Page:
Over the years, multiple varieties have made the news for one reason or another.  Some, like Gewurztraminer, suffer from difficult to pronounce names.  Others suffer from identity challenges. Chardonnay anyone?  Still more are actually difficult to get to a bottle in once piece without the high involvement of the dedicated growers to make quality wine.  Here are a few of those challenging personalities and how much work needs to be done behind the scenes to create our favorite wines.

Zinfandel – The Indecisive One

Zinfandel has a tough issue.  Is it a rose or is it a serious red?  Is it going to be high alcohol or more moderate? Consumers are often not sure because, inherently, this variety is naturally indecisive. It tends to ripen extremely unevenly so you can have huge spans of ripeness within the same cluster.  This makes picking calls very tough since the Brix can vary so much from cluster to cluster.  Morgan Twain-Peterson of Bedrock Wine Company says he has seen clusters with 21 Brix berries and 28 Brix berries. “Part of the trick of growing Zinfandel is that you have to be comfortable with lack of some uniformity.”

Zinfandel also has very tight clusters and thin skins which makes it prone to rot. Twain-Peterson sees issues with this as well.  “The biggest year to year issue I see is the potential for botrytis where the wing lies on top of the main cluster. It ripens a little behind and can be heavy, […] weighing down on the rest of the cluster.” This pressure on the thin skins can cause the berries to burst and introduce botrytis into the clusters. “We battle this by almost always dropping wings on vineyards with higher historical botrytis pressure.”

Pinot Noir – The Drama Queen                                                                         

Pinot Noir has always had a reputation for being tough to grow.  You can look at it wrong and it will rot.  It is prone to diseases, sunburn, berry splitting, and nutrient issues.  Making high quality Pinot Noir is a labor of love but those growers who have taken it on have found ways to make it work for them.  In upstate NY, with high humidity and cool growing conditions Pinot Noir can be especially challenging. Thirsty Owl Wine Company winemaker and vineyard manager, Shawn Kime states “Intense canopy management and a prudent spray program are needed throughout the season long to allow grapes to reach their full potential. Vine balance is also extremely important. This doesn’t just mean not over cropping, but also not under cropping. Under cropped vines have too much vegetative growth and can be more susceptible to berry splitting and late season rot.”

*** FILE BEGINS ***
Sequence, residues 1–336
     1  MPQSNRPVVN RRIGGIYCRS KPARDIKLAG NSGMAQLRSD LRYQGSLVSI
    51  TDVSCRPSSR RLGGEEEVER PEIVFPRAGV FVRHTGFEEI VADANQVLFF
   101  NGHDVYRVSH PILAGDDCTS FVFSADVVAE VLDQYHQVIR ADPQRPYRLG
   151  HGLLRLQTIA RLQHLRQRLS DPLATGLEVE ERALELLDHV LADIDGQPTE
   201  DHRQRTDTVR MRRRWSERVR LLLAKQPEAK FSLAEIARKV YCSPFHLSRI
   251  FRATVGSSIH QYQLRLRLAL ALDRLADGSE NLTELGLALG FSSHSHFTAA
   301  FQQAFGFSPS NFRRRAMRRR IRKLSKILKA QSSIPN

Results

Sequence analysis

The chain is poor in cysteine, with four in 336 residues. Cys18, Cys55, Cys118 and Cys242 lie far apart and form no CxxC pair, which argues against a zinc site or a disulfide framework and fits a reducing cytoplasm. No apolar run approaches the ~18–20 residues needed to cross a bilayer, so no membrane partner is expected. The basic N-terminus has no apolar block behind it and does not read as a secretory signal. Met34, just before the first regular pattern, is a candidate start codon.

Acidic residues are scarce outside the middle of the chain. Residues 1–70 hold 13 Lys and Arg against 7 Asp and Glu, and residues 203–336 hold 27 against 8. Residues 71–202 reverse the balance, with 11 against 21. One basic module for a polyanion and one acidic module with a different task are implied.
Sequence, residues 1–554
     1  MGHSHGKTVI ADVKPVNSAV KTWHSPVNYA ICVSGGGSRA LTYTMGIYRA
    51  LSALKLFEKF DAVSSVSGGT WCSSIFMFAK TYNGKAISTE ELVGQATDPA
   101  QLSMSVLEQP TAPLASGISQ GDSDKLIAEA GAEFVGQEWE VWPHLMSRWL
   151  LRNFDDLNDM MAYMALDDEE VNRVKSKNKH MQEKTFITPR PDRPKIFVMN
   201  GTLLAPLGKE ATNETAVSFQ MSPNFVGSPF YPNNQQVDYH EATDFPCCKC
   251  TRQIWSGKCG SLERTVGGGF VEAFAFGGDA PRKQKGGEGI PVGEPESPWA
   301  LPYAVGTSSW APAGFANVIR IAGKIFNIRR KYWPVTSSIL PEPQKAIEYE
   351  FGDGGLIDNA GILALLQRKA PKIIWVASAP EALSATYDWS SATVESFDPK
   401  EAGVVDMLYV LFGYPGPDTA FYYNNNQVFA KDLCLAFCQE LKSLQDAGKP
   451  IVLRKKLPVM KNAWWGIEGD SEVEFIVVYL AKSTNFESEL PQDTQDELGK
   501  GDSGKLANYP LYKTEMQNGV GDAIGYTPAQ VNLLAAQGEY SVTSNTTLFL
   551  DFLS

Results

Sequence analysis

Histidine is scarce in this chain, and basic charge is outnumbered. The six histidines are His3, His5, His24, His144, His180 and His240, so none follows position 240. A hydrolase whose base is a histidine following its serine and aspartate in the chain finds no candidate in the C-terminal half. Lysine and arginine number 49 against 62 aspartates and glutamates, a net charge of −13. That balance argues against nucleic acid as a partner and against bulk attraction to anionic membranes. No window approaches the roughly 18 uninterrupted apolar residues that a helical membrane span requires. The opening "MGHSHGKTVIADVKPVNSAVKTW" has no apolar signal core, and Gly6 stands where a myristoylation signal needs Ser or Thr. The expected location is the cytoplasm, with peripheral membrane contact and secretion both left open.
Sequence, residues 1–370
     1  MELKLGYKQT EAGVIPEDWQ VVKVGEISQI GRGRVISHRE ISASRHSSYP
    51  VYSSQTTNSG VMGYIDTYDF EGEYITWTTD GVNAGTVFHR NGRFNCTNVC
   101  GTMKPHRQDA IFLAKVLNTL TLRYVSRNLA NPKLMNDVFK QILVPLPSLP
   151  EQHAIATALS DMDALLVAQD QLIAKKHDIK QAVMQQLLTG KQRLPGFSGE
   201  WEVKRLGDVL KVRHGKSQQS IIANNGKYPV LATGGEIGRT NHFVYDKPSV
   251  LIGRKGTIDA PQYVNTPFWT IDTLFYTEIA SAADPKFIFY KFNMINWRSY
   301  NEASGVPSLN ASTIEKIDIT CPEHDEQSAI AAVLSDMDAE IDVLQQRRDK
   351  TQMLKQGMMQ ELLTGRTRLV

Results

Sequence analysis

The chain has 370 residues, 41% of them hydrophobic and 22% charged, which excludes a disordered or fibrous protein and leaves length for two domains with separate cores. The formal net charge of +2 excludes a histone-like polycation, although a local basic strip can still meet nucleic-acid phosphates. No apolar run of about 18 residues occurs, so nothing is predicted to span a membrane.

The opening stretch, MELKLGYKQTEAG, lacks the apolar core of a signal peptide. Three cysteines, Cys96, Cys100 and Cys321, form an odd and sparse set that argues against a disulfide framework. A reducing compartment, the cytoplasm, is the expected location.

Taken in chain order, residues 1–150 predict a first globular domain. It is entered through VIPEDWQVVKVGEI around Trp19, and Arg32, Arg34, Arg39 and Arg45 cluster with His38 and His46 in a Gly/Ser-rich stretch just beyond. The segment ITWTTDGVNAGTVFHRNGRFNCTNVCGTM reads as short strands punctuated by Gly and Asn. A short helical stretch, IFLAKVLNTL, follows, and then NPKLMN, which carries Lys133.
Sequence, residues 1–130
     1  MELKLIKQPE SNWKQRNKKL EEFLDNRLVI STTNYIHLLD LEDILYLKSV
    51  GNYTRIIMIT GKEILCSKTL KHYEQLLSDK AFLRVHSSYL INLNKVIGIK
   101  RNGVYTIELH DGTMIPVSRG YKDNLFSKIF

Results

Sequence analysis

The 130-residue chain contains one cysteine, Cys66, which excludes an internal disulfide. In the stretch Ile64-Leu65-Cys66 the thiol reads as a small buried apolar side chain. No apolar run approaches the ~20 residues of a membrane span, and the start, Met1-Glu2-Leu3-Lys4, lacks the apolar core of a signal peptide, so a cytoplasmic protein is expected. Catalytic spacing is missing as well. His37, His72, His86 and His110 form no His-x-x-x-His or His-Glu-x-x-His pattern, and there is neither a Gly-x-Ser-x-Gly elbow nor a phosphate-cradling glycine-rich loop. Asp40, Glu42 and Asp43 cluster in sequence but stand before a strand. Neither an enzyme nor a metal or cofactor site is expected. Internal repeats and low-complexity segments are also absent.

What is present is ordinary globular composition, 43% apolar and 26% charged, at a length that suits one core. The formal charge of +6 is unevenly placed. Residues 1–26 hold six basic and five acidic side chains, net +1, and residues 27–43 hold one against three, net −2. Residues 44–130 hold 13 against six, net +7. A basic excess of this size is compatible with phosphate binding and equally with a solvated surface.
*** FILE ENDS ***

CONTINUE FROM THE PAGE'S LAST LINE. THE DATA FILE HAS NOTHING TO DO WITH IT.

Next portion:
Carneros Grower, Jennifer Thomson of Thomson Vineyards states “genetically many Pinot Noir clones display thin skins, tight clusters and compact berry formation which is a haven for pests and makes Integrated Pest Management essential for growing high quality Pinot Noir.” Grape berry moth, Mealy bug, and a host of other pests love Pinot Noir for its nooks and crannies in which to hide.  She tries to achieve “a balance between location, clone and seasonal characteristics” in order to grow great Pinot Noir.

Petit Verdot – The Goth

Envision walking into a vineyard that is otherwise happy and healthy except for one block which looks yellow, stressed, and spindly. Chances are that block is Petit Verdot.  It has a high propensity for over-cropping and generally doesn’t make very high quality wine unless it looks stressed.  Robert Mondavi Winery Vineyard Manager, Matt Ashby, points to extreme crop thinning to maintain quality.  “It will regularly grow 4 clusters per shoot, and it is a low vigor variety [with] very light pruning weights, so it will be out of balance for high quality wine if it is not thinned aggressively.  For Mondavi this means 1 cluster per shoot.” Another grower who chose to remain anonymous says “It’s a grey variety.  It always looks a little depressed when you are growing it properly.”

Rhone Whites – The Clique

This group of varieties tend to run in packs, meaning they are grown in similar locations, and they all have their own quirks. Viognier is an irregular setting variety which tends to only develop flavors towards the high end of the Brix scale and dump acid like last week’s leftovers anywhere outside of the Northern Rhone.  When asked about the challenges of Viognier, Stuart Bewley of Alder Springs Vineyard in Mendocino, CA, replied “The variety is prone to get mildew so you have to be on top of your spray or dust program.” Then he said he would not classify Viognier as the most difficult to grow. According to Bewley, Rousanne is far more challenging to grow.  “It shatters at set, it gets both mildew and botrytis and it is very hard to ripen.  It always comes in after Viognier or Marsanne.  Even Picpoul is easier to grow.”  Marsanne tends to set a heavy crop leading Bewley to come back and thin. “We must go through the blocks and cut off 50% to 75% of the fruit to make great wines.  The great thing is that these varieties make wonderful wines if cropped at a low yield.”

There are so many varieties in the world, it would be impossible to name all the difficult ones at one time. Zinfandel, Pinot Noir, Petit Verdot, and the Rhone Whites tend to have the greatest reputation for being finicky but there will always be growers out there willing to deal with their challenging personalities.

* This article was originally written by me and published on Snooth.com however I also really wanted to share it with my readers that may not have had the chance to see it there. This version is the un-edited original sent to Snooth.com and does not contain any omissions or editing from their version.

My Top Five Winemaking Nightmares

(null)